[This is the fourth of five blogs from Israel where I am currently traveling with rabbis and evangelical ministers from Nashville.]
On one thing we all agree: the Jews are God’s Chosen People. All that is but me. While I certainly grew up with this self-understanding I have not taken it seriously for decades. To me, the idea of chosenness is sociologically common and theologically absurd.
Every people, from the Hopi Indians to the Japanese, calls itself God’s chosen. The reason that we Jews are taken more seriously than the others is that the book that declares this to be true is in fact accepted as true by billions of people. Of course the fact that we wrote this book doesn’t seem to faze people. After all, what else would Jews write of themselves: we are God’s despised? Leave that to Martin Luther.
Being Chosen we are told doesn’t mean we are better than other people; only that God has selected us for a special mission. Somehow this is supposed to make it OK to go around admitting that we are chosen, but to me this is somewhat disingenuous. Despite all the suffering and tragedy that is Jewish history, it is still better to be God’s Chosen than God’s not chosen. God, the Creator of Everything, has made an eternal covenant with only one people in all the earth across all eternity, and we Jews are it. Come in, isn’t that more cool than, say, everything?
Of course it is! It is a gigantic “nah, nah, n’nah nah” to the whole world. It is like getting picked first by the coolest kid at school to be on his team during phys-ed. It is like being allowed to lick the spoon after the icing has been swirled on the cake. It is like… you get the idea. I am not a big fan of chosenness.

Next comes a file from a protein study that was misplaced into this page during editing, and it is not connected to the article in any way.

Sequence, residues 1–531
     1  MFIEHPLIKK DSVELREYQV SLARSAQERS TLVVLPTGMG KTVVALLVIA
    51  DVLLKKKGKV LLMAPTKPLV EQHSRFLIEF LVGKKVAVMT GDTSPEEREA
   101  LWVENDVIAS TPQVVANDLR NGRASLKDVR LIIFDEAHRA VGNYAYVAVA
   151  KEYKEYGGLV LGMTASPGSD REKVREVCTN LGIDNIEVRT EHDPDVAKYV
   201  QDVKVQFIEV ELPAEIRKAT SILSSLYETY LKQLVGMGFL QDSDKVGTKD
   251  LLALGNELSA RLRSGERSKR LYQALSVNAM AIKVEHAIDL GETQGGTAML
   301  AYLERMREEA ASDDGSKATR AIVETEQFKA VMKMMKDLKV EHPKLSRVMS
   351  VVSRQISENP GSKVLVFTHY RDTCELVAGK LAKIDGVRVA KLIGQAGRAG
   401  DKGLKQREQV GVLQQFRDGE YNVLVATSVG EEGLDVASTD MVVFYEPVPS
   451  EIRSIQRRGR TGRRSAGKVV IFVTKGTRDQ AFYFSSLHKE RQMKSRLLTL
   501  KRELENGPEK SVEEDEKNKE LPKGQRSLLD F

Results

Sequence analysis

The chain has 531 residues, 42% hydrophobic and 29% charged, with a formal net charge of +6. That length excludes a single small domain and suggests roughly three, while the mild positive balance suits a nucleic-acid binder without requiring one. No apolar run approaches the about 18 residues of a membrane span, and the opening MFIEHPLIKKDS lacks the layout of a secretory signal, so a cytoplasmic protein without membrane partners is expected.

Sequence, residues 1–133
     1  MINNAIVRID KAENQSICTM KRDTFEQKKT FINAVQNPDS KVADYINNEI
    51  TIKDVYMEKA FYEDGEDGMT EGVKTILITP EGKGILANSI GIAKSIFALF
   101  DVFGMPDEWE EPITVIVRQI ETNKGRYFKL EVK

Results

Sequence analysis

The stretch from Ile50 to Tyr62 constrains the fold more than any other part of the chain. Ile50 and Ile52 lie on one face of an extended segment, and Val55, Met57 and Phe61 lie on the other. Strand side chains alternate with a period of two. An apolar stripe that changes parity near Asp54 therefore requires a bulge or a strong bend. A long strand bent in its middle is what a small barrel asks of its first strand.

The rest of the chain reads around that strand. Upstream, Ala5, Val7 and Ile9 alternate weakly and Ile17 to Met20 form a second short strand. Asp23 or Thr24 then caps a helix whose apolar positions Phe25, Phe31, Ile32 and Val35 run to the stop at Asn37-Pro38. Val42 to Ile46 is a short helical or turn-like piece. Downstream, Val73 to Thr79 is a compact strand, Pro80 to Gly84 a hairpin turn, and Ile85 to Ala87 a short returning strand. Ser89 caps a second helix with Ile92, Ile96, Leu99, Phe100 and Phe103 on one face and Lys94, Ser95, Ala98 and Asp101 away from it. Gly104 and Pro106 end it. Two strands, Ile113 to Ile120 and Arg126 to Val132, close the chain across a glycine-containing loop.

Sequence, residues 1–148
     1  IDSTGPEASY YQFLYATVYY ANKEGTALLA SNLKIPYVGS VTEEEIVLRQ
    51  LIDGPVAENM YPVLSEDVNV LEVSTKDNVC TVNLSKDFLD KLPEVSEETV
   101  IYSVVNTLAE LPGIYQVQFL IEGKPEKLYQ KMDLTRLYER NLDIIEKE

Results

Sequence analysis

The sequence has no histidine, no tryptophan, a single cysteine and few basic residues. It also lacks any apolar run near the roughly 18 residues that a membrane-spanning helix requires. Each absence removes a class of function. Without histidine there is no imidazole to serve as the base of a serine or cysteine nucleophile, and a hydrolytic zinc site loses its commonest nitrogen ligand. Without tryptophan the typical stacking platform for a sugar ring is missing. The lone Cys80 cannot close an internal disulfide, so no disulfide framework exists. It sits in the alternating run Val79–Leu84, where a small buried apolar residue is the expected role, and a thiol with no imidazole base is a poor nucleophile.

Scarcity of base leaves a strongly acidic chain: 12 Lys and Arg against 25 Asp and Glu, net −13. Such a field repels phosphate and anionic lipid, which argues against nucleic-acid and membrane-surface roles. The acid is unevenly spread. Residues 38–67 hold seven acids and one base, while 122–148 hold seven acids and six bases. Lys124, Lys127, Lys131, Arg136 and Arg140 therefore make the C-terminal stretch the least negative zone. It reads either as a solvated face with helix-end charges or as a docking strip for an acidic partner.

Beside the jingoistic silliness of the idea, the theology that is needed to support it makes not sense to me either. God doesn’t choose. This is what people do, and while most theology is simply the projection of ego on an Imax-like screen of self-serving spirituality, I just can’t buy it. I could be wrong of course, but I don’t really think so.
Yes, the Bible speaks of God as having the same characteristics of people. He gets mad, sad, happy, jealous, vicious, pissy, self-righteous and the rest. But this the vision of biblical authors not a literal portrait of God Almighty. Maimonides, the greatest of Jewish medieval philosophers, said we cannot say anything about God. In this Lao Tzu concurs: the Tao that can be spoken is not the Eternal Tao.
While I do not follow their advice and speak of God all the time, still I know that what I say is not really what God is. Yet, I allow myself the conceit that I am at least on the right track. And that track reveals a God who is not self-conscious or willful, not rewarding or punishing, not chosen and condemning, but simply providing for all the opportunity to discover wisdom and walk the way of justice, mercy, and humility.
To me the issue is not who has God chosen, but who has chosen God. And in this the world’s religions agree: those who choose God are those who an open hand to a closed fist, and an open heart over a closed mind.